Hello Foldscope Community! My name is Erika Senyk and I am a graduate student in the Applied Marine and Watershed Science Program at California State University Monterey Bay. Our graduate-level Marine Ecology class was given the unique opportunity to test out some Foldscopes and see what we could find (Thank you Dr. Hata!!). Over my next several posts, I will explain what I discovered using my Foldscope, and what I learned during the process! Let’s get started.
I was surprised by how simple the Foldscope assembly process was. When our instructor, Dr. Kerry Nickols, said we would be building our own microscopes, I was intimidated to say the least. Our class assembled our Foldscopes within thirty minutes (roughly). It definitely made it easier to assemble the Foldscopes with a buddy who helped make sure you were following the steps correctly. The only problem I ran into during this process was I noticed that there was a bit too much black plastic covering the lens of my Foldscope. One other student had this problem as well. We used a small razor blade to shave off the extra plastic, and we were then able to see clearly! It was time to start exploring!
I began my Foldscope adventures at Carmel Point in Carmel, California. Our Marine Ecology class was involved with collecting data for the LiMPETS program. We placed quadrats along a transect out on the rocky intertidal (picture below), and recorded abundances of various intertidal organisms. The second picture is of Amanda Wasserman and I stretching out the transect measuring tape.
After collecting data, we had the opportunity to walk around and test out our Foldscopes. The Foldscope worked really well outdoors, where you could use natural light to view the specimens under your slides. I also collected some algae specimens to bring back to the lab, so I could see how well my Foldscope worked indoors (and I wanted to get some cool photos with my phone to show you all)!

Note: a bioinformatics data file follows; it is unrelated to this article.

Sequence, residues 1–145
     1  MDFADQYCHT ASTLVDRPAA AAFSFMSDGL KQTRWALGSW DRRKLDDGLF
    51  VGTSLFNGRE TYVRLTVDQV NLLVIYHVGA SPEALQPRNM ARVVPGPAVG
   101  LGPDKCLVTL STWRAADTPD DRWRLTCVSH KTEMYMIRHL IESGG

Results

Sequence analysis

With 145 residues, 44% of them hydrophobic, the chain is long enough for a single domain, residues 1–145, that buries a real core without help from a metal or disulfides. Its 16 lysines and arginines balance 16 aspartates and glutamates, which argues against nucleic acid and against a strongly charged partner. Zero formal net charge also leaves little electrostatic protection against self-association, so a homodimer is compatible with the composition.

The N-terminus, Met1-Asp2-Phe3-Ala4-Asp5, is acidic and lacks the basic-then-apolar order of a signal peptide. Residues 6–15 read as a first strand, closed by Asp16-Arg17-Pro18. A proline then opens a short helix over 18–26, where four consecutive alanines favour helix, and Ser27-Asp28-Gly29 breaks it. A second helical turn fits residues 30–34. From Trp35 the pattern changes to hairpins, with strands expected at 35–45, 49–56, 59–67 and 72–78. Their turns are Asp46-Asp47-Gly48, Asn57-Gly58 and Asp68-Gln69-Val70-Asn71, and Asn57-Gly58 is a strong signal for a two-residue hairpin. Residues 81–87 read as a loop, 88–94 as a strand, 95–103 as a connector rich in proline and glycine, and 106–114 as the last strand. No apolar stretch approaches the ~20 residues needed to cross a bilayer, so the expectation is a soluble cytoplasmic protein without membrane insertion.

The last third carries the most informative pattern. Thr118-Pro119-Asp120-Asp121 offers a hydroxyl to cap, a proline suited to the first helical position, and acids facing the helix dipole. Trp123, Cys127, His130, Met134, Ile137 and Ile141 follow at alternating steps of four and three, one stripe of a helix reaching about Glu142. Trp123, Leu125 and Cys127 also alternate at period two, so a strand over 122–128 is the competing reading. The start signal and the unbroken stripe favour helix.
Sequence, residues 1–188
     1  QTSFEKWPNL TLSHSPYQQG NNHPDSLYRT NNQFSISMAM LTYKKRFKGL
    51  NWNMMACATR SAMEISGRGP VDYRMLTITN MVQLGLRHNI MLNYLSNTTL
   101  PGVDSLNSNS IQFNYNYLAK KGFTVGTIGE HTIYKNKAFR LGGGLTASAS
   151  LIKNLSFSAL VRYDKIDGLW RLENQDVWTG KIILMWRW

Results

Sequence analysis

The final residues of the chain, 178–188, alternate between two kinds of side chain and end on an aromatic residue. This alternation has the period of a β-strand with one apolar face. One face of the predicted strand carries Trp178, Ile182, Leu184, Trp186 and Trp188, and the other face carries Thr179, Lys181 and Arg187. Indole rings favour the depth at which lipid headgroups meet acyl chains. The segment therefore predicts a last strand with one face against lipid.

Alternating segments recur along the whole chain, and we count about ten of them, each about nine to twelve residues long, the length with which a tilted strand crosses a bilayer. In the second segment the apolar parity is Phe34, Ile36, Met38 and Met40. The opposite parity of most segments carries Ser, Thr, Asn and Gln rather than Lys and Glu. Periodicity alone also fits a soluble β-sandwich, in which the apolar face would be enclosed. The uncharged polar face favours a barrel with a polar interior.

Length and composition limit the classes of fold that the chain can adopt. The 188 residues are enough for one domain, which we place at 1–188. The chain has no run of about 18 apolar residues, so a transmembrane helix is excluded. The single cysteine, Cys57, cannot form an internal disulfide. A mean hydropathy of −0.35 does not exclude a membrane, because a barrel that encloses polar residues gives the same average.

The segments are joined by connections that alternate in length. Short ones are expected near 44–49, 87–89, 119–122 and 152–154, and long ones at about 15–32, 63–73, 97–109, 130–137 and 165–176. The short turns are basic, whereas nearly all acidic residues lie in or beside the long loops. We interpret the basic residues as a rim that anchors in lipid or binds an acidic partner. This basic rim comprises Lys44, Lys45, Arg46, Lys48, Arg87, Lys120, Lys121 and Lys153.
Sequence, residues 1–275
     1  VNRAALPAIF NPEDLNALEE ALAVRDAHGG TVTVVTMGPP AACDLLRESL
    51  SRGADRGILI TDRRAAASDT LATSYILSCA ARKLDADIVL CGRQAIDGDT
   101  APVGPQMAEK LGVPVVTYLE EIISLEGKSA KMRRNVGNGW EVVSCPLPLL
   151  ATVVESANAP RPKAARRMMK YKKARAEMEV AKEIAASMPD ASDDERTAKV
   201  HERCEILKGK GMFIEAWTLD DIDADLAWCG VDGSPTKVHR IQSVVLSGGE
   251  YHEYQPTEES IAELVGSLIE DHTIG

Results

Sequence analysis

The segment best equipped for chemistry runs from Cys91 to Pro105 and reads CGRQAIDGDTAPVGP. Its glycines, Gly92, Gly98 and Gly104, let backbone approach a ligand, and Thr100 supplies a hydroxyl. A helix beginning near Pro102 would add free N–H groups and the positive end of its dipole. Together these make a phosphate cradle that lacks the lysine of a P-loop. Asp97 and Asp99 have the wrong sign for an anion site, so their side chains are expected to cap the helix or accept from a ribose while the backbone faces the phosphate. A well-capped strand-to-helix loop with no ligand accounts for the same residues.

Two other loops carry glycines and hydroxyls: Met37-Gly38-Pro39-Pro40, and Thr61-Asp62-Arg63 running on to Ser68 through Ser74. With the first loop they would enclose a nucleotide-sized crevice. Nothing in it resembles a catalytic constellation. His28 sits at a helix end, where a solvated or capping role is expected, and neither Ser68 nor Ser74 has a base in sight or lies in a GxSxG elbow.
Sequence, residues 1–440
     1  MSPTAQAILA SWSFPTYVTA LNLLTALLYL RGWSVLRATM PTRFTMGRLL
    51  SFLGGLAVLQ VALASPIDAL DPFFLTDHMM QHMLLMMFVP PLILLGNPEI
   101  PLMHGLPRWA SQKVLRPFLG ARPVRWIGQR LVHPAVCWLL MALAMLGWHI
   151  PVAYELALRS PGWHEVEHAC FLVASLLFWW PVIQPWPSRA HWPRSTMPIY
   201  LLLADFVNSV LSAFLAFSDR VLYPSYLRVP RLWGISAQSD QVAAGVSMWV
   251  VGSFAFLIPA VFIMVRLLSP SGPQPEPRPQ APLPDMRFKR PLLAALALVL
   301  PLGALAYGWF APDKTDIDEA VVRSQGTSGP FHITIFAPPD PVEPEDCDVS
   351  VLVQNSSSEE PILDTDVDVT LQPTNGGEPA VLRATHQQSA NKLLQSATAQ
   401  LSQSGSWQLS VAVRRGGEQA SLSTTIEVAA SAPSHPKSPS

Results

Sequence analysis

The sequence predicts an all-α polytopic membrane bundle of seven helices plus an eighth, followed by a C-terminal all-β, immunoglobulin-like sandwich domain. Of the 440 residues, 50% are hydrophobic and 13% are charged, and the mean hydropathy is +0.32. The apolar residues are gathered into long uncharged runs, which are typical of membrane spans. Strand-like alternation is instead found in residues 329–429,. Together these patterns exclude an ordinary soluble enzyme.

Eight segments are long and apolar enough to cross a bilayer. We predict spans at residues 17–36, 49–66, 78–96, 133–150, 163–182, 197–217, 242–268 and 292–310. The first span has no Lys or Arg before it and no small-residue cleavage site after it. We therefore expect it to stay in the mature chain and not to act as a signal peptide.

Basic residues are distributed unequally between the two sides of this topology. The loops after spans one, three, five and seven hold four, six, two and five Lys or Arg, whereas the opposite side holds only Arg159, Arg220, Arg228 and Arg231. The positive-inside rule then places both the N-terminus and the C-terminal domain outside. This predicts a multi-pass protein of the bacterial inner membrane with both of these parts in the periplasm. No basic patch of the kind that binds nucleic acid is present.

I first collected a sample of iridescent algae and brought it inside to look at it under my Foldscope. I used the magnet piece provided as well as my iPhone to snap a couple pics of the algae. Not everyone in our class was provided with a backlight, so my friend Larissa lend her phone to me, so I could use her flashlight to illuminate the specimen on my slide. What I discovered by looking at this sample, was that flat pieces of algae (without much definition) don’t provide the most exciting images under the lens. This was my first attempt at using the Foldscope, and it could also have been that I wasn’t focusing in on the specimen properly. First image below is of iridescent algae attached to rock substrate out on the intertidal at Carmel Point. Second image is of iridescent algae under my Foldscope.
I next decided to look at a piece of scouring pad algae, which had a bit more definition and texture than the iridescent algae. I was able to get a better glimpse at what this algae looked like under my Foldscope. You could really see the branching pieces of algae pretty clearly! First image below is of scouring pad algae attached to rock substrate out at Carmel Point. Second image below is of scouring pad algae under my Foldscope.
The last piece of algae I looked at today was red coralline algae. The images below are (1) red coralline algae attached to rock substrate in a tide pool at the rocky intertidal. You can see its rosy pink color in contrast to the giant green anemone right next to it. (2) a piece of bleached coralline algae that I found up at a higher tide level in the rocky intertidal zone at Carmel Point.
I decided to take a sample of the living red coralline algae and put it under my Foldscope. In the images below, you can really see its rosy red color as well as some definition in the branching. I’m not sure what the green in the image is – possibly a different type of algae growing on the red coralline algae? Comment below with your thoughts!
I haven’t quite mastered the art of the Foldscope yet, but I know that I can only get better! It took a bit of troubleshooting to get the images that you see above, but I am very pleased with the end result! During my Foldscope adventure, I learned the following three things:
- Foldscope assembly and picture taking is much easier with a buddy.
- Having a good backlight helps you to focus in on the specimen on the slide much more efficiently.
- Looking at pieces of algae that have more texture and definition provides for more interesting images. If you want to look at flat pieces of algae, such as iridescent algae, you may have to spend a bit more time focusing in on the image to get a great picture.
Thank you to all of those involved in providing our Marine Ecology class with these Foldscopes! I’m excited to keep exploring!
Just keep swimming,